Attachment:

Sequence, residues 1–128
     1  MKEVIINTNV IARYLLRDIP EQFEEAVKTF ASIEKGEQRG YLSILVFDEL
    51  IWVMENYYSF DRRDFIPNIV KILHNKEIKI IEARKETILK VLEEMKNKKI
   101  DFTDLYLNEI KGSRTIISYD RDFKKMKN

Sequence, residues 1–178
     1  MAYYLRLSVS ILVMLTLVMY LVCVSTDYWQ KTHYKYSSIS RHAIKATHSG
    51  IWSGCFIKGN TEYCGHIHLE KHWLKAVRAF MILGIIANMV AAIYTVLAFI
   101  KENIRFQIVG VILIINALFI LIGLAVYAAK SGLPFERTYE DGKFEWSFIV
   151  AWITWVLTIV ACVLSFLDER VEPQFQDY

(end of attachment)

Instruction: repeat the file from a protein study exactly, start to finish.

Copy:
Sequence, residues 1–128
     1  MKEVIINTNV IARYLLRDIP EQFEEAVKTF ASIEKGEQRG YLSILVFDEL
    51  IWVMENYYSF DRRDFIPNIV KILHNKEIKI IEARKETILK VLEEMKNKKI
   101  DFTDLYLNEI KGSRTIISYD RDFKKMKN

Sequence, residues 1–178
     1  MAYYLRLSVS ILVMLTLVMY LVCVSTDYWQ KTHYKYSSIS RHAIKATHSG
    51  IWSGCFIKGN TEYCGHIHLE KHWLKAVRAF MILGIIANMV AAIYTVLAFI
   101  KENIRFQIVG VILIINALFI LIGLAVYAAK SGLPFERTYE DGKFEWSFIV
   151  AWITWVLTIV ACVLSFLDER VEPQFQDY